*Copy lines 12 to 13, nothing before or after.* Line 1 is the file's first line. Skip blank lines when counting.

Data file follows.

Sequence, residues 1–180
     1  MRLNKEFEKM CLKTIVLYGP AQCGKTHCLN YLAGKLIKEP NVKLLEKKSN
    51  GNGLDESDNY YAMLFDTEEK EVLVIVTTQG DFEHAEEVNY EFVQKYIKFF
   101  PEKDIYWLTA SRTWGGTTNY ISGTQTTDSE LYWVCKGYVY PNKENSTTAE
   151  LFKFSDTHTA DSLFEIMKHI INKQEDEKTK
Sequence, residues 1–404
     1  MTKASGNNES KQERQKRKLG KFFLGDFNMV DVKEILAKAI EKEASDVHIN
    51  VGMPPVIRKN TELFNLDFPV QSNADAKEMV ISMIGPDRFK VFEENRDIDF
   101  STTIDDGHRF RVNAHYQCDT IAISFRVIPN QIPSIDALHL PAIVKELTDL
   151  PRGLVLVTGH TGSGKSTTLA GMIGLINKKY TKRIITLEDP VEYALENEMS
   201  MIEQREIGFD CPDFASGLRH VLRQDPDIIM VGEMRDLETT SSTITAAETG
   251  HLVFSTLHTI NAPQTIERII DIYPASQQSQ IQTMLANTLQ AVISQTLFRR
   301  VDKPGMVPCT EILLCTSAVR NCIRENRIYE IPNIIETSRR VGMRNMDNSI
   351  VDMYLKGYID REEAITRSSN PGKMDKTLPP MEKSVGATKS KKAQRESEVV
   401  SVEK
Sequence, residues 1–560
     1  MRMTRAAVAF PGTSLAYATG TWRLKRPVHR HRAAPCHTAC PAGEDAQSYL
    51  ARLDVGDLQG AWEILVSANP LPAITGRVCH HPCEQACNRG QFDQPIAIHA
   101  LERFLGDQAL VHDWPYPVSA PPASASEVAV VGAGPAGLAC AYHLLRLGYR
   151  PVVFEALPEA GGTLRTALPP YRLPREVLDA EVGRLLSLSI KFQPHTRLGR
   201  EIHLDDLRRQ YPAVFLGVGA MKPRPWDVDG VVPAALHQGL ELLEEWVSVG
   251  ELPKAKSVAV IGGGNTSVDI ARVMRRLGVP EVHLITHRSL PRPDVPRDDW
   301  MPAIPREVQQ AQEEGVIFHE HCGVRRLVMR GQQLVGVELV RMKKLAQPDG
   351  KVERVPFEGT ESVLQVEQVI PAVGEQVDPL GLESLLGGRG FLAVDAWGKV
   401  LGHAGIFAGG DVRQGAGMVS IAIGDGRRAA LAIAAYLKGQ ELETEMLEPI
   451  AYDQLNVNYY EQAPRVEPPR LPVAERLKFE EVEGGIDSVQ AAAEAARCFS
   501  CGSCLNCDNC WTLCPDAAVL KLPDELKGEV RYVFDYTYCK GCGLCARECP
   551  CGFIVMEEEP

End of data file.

   251  HLVFSTLHTI NAPQTIERII DIYPASQQSQ IQTMLANTLQ AVISQTLFRR
   301  VDKPGMVPCT EILLCTSAVR NCIRENRIYE IPNIIETSRR VGMRNMDNSI